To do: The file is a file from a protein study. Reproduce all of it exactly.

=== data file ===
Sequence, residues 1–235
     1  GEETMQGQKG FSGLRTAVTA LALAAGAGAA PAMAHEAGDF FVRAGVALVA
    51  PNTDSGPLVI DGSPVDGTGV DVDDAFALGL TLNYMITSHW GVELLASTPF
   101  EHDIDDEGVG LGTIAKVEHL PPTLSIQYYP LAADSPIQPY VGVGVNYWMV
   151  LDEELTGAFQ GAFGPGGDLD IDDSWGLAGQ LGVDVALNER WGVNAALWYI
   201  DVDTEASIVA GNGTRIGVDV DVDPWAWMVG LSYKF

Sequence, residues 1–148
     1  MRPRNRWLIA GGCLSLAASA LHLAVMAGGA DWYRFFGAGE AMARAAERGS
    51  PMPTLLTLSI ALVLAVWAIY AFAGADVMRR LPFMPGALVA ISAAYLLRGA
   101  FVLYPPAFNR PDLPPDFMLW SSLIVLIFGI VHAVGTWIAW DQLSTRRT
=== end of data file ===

Sequence, residues 1–235
     1  GEETMQGQKG FSGLRTAVTA LALAAGAGAA PAMAHEAGDF FVRAGVALVA
    51  PNTDSGPLVI DGSPVDGTGV DVDDAFALGL TLNYMITSHW GVELLASTPF
   101  EHDIDDEGVG LGTIAKVEHL PPTLSIQYYP LAADSPIQPY VGVGVNYWMV
   151  LDEELTGAFQ GAFGPGGDLD IDDSWGLAGQ LGVDVALNER WGVNAALWYI
   201  DVDTEASIVA GNGTRIGVDV DVDPWAWMVG LSYKF

Sequence, residues 1–148
     1  MRPRNRWLIA GGCLSLAASA LHLAVMAGGA DWYRFFGAGE AMARAAERGS
    51  PMPTLLTLSI ALVLAVWAIY AFAGADVMRR LPFMPGALVA ISAAYLLRGA
   101  FVLYPPAFNR PDLPPDFMLW SSLIVLIFGI VHAVGTWIAW DQLSTRRT